Tuesday, February 15, 2011

Caddo Lake Winter Kayaking

We had record snowfall leading up to our 17th anniversary celebration trip to Caddo Lake. Thankfully, we were blessed with shockingly great weather right afterwards. The great weather was throughout the region too, not just at our cabin in Uncertain, Texas. The northeastern part of the massive Caddo Lake is about five hours from our home in Okmulgee, Oklahoma. We picked up a fishing license for Dianne at the Wal-Mart in Marshall, Texas but you can save some money by just doing your fishing at the nearby Caddo State Park. It has a two dollar entrance fee, but no license is required for fishing there.

This time of year, Caddo Lake is popular among Bass and Crappie fishing enthusiasts. However, we arrived a bit early for the kickoff of the spawning season. This lake is so full of fish that Dianne actually caught a Bass on her limb lines last summer. Bass normally require a bit more finesse than the oiled twine and massive hook of a catfish set, but I suppose they are just a bit more eager in these parts. If you can't catch your own, try the River Bend Restaurant for waterfront views plus catfish & gator with all the trimmings. We were surprised at the quality of food and wine at this hidden jewel in Uncertain, Texas.

Dianne did catch catfish on this trip, but we spent most of the time exploring Caddo Lake in our kayaks and driving around the 'Ark-La-Tex' as they call it around here. If you visit Caddo Lake, I highly recommend you make a quick side trip to Jefferson, Texas. Grab a breakfast that just can't be beat at The Bakery restaurant in downtown Jefferson. There is also history to learn and shopping to do in Jefferson, but we were there for the grub. While we were walking around, we noticed a big old free boat ramp right there in town. When we return next time, we will definitely be using that boat ramp for a quick paddling trip on Big Cypress Bayou! Like most of Caddo, it appears to be narrow, shady and curvy...just the way I like 'em! Perfect for paddling or kayak fishing in any season.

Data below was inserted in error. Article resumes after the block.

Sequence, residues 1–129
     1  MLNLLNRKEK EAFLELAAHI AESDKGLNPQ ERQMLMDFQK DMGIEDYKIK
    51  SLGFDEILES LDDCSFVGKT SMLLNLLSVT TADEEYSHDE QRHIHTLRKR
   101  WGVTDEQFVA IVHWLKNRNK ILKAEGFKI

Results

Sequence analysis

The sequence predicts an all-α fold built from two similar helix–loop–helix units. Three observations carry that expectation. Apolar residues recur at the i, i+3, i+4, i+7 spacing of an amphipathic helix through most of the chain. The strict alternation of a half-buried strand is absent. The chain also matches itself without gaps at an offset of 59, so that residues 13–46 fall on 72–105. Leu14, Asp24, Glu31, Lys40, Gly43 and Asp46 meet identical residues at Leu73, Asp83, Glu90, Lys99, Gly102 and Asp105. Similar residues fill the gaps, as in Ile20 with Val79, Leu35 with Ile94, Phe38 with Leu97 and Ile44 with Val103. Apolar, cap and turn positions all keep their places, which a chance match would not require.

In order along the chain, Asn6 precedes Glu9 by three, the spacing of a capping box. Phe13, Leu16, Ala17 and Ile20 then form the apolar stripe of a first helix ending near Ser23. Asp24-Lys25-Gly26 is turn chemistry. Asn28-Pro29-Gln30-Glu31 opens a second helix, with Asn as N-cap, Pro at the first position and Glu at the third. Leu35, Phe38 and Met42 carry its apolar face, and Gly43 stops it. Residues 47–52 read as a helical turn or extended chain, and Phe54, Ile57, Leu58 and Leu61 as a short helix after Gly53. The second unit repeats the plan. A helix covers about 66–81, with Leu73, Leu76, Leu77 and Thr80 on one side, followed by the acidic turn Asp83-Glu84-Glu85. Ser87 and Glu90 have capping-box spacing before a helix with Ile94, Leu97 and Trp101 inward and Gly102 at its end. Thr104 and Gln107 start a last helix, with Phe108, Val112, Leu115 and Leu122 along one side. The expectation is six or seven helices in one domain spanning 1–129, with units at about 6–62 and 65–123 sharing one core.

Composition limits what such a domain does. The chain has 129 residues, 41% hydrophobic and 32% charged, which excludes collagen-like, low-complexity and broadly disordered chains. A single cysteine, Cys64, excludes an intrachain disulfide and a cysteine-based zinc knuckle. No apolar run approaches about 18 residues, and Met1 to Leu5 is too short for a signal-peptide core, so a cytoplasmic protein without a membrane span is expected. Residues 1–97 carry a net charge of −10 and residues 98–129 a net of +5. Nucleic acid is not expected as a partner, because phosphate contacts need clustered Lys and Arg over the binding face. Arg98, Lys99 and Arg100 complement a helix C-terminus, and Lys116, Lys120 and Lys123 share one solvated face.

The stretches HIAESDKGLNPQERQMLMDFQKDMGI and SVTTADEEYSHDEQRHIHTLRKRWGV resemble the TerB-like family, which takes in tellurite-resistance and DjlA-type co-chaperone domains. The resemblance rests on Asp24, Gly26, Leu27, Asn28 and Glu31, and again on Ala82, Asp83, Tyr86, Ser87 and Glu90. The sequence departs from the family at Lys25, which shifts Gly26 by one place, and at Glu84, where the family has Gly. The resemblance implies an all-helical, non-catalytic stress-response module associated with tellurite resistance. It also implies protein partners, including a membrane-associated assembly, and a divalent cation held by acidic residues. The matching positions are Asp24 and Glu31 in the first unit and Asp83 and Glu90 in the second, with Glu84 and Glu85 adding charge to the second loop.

Speaking of kayak fishing, we had breakfast at Crip's Camp (another Caddo Lake lodging operator) one morning and got a tip from the owner. He said the locals all use hot dogs for catfish bait. Dianne had never tried fishing with weenies, so she set four hooks out with some leftover Mt. Pleasant Meat Market jalapeƱo cheddar sausage. Sure enough, she caught a small flathead the next morning. That tip turned out to be as sweet as the homemade Mayhaw Jelly Crip's Camp serves with breakfast. (Yes, we ate breakfast everywhere...that's what makes it a holiday!)

A couple of the mornings started out quite cold this vacation weekend. My first day of paddling, I launched before dawn to catch that great early morning light. The season had stripped the bald cypress trees of their color, but the Spanish Moss that drapes their limbs was unchanged by winter's icy embrace. Caddo Lake has a gloomy beauty that is still present in February, but it is much diminished. More Caddo Lake pictures to come, watch our Flickr photostream.

Spatterdock, the cabin we rented, offers a lovely view of the bayou from a large screened porch. Canoes and bicycles are provided with the cabin rental, plus there is a boat ramp just a few steps away. The cabin can sleep as many as nine and is just one of four cabins that Billy and Dottie Carter operate on Caddo Lake. You can also hire Billy for a guided boat tour of Caddo Lake: http://www.spatterdock.com/. A guided boat tour is great idea, if you want to see the biggest, oldest, most impressive Cypress trees on the lake. They also teach you quite a bit about the local history. During the warmer months your tour includes boating through a sea of lily pads and lotus blooms. It is breathtaking.

Winter kayaking on Caddo Lake is not as colorful, but it is more solitary. Since it is the off-season you enjoy lower rates and no waiting in town. On the water, the maze-like corridors of tall Cypress trees provide countless miles of great exploring and paddling. Moving quietly through the shadows allows you to slip-up on wildlife for close observation. If kayak photography is your thing, Caddo Lake is unbeatable. Even on a windy day, you will find the sheltered lanes offer calm water and amazing light filtered through the treetops and moss. Caddo Lake even sounds strange. The tops of the Cypress trees rub together when the wind blows, creating random squeaks and moans that echo across the water.

Caddo Lake is a kayaking experience too uniquely wonderful to be missed.